There are more of you to thank for sending the recipe for Bavarian Cheese Pie from Helen Exum's cookbook. Thank you Elsie Keith of LaFayette, Nameless Patient of Dr. Mitch Baldree, who requested the recipe; John Tucker and D. Shelton, a visitor to Chattanooga who has more to say about this well-known pie. If you copied the recipe from the July 8 Exchange, note ideas from the Shelton kitchen.
"If I were writing the recipe today, I would change a few things. Instead of 'sieving' the cottage cheese, I would puree it to smoothness in the food processor or even use ricotta or mascarpone. The recipe calls for lemon 'rind,' which surely means lemon zest or peel. It says to fold in egg whites at the end after the mixture has cooled. It does not say they are whipped, so that is not clear. I do not use raw eggs these days. I would probably omit or use pasteurized egg whites."
CODE WORD: PIE
Pat Pelfrey stayed in the same cheesy-pie category but offered a similar delicacy known to her as "The Pie." She explained, "I know this is not a Bavarian Cream Cheese Pie but it made me think of what some friends and I called 'The Pie.' When I was working in the recovery room at Hutcheson [Medical Center] 20 years ago, the cafeteria had a delicious new dessert. It was cream cheese and a lot of pecans, and we began watching for it on the lunch line. One of the nurses would come back from her lunch and report, 'They have The Pie today.' Here's the recipe."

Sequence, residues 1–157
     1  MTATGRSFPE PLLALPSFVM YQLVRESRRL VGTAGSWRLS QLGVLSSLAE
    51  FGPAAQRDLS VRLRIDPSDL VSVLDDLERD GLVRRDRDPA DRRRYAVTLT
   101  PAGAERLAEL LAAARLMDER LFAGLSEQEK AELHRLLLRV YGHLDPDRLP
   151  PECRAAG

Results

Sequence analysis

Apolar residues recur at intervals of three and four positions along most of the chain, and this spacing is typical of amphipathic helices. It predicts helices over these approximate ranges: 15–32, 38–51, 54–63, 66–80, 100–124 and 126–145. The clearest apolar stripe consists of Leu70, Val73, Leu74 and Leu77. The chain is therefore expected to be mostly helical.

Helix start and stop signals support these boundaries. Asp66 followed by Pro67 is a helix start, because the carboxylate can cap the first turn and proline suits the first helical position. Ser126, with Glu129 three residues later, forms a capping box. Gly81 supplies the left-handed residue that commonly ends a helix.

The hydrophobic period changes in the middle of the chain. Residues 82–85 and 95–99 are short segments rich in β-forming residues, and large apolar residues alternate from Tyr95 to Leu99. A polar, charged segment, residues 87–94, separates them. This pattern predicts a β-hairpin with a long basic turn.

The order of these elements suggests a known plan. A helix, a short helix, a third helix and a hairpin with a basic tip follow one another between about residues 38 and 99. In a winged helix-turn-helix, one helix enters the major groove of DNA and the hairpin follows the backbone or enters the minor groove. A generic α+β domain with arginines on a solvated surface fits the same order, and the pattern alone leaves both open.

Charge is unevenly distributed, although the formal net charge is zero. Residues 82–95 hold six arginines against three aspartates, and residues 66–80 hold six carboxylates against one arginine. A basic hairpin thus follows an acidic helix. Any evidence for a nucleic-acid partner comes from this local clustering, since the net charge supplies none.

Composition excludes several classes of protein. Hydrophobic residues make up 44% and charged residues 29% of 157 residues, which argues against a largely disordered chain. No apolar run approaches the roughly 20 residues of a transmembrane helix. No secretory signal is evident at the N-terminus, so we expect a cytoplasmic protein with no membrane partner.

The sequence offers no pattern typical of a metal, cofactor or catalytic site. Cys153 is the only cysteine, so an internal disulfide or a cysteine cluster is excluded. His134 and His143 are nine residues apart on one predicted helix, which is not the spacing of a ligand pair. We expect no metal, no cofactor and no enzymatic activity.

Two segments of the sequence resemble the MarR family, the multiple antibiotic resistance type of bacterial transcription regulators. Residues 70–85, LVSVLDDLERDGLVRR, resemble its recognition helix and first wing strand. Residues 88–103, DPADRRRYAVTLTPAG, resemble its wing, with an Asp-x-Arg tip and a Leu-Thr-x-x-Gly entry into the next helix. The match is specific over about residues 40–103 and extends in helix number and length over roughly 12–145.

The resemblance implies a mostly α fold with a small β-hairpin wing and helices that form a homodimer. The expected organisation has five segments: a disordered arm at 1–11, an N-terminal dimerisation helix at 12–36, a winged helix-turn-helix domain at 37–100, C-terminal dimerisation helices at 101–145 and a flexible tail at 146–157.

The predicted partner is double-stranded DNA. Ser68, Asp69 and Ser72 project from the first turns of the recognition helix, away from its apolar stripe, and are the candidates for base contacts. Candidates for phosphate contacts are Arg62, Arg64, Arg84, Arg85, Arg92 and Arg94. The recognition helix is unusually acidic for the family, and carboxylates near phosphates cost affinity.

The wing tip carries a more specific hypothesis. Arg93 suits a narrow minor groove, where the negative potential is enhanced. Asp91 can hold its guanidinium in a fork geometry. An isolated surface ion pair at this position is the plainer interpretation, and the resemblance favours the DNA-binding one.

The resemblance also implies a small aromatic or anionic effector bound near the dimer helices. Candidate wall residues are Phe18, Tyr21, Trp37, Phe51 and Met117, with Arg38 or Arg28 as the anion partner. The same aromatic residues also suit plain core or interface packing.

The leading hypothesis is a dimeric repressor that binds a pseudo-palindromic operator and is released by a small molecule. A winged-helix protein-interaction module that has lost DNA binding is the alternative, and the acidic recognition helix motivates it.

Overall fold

1 cup sugar
16 ounces cream cheese
1 beaten egg
1 cup pecan pieces
1 unbaked pie crust
1 cup sour cream
2 tablespoons sugar
2 teaspoons vanilla extract
Beat sugar, cream cheese and egg until smooth. Add pecans. Pour into unbaked pie shell, and bake at 325 degrees for 20 minutes. Remove from oven and turn temperature to 350 degrees.
Mix sour cream, sugar and vanilla, and pour over top of pie. Bake an additional 40 minutes in the 350-degree oven. Chill before serving.
SALMON & SAUCES